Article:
Non-fungible token or NFT is a digital asset which may represent art, music and videos. NFTs are primarily used for buying and selling digital artworks. NFT sales rose to USD 25 billion in 2021.
NFT frauds are rising at menacing rates. Cent, which is an American NFT marketplace has recently suspended trading due to reported frauds. The biggest NFT marketplace, OpenSea has admitted that estimated 80 % of its traded items are plagiarized or fake. In the first week of January this year google search item “NFT Scam” reached an all-time high.
“Wash trading” is one mode of fraudulent activity in which the value of assets is inflated falsely. Here a seller is on both sides of the trade and he creates a false picture of the asset’s value and liquidity. This is possible because a single user can create multiple Ethereum wallets. Tools are now available to detect such activities. Analysts have found that such acts of fraud are now large scale.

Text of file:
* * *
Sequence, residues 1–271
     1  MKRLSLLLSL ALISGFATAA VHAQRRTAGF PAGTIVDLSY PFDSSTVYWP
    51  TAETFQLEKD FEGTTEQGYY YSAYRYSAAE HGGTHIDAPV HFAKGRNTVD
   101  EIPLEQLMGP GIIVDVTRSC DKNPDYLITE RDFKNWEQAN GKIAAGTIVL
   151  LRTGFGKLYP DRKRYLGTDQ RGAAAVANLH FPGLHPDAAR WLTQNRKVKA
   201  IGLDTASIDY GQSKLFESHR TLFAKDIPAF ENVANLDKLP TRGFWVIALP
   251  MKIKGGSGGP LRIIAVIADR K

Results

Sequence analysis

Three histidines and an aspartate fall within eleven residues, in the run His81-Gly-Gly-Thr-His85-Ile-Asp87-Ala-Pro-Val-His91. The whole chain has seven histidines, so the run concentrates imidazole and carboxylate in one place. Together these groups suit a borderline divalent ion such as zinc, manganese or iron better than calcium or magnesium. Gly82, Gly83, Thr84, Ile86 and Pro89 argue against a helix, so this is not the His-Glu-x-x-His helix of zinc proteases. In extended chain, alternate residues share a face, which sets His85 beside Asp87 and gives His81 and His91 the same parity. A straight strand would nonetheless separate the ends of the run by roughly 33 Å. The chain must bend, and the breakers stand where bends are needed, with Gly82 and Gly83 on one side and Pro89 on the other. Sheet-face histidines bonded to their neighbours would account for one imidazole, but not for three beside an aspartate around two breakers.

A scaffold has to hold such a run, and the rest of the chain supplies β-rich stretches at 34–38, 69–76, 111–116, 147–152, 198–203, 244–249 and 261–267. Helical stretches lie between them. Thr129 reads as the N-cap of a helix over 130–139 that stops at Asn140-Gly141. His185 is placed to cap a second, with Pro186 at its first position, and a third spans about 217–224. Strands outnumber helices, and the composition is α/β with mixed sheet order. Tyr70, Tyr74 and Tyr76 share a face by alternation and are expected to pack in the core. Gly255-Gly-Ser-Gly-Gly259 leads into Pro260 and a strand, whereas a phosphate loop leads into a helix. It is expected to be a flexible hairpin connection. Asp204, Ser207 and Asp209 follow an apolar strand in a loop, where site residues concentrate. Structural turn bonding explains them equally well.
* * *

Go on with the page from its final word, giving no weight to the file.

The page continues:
Minting and minting counterfeit assets
Anyone can create or mint an NFT and own a token. Ownership of a token does not confer ownership of the underlying asset. It appears that many are repeatedly minting and minting counterfeit assets. Three identified problem areas are
1) Selling unauthorized copies of NFTs
2) Making NFTs that belong to others
3) Selling NFTs that resemble a security.
UK tax authority seizes NFTs
For the first time the UK tax authority Her Majesty’s Revenue and Customs (HMRC) has seized three NFTs. This is done as part an investigation of suspected VAT fraud by 250 alleged fraud companies. Taxation rules are different across countries with regard to the crypto space. Such issues are likely to resurface in the days to come.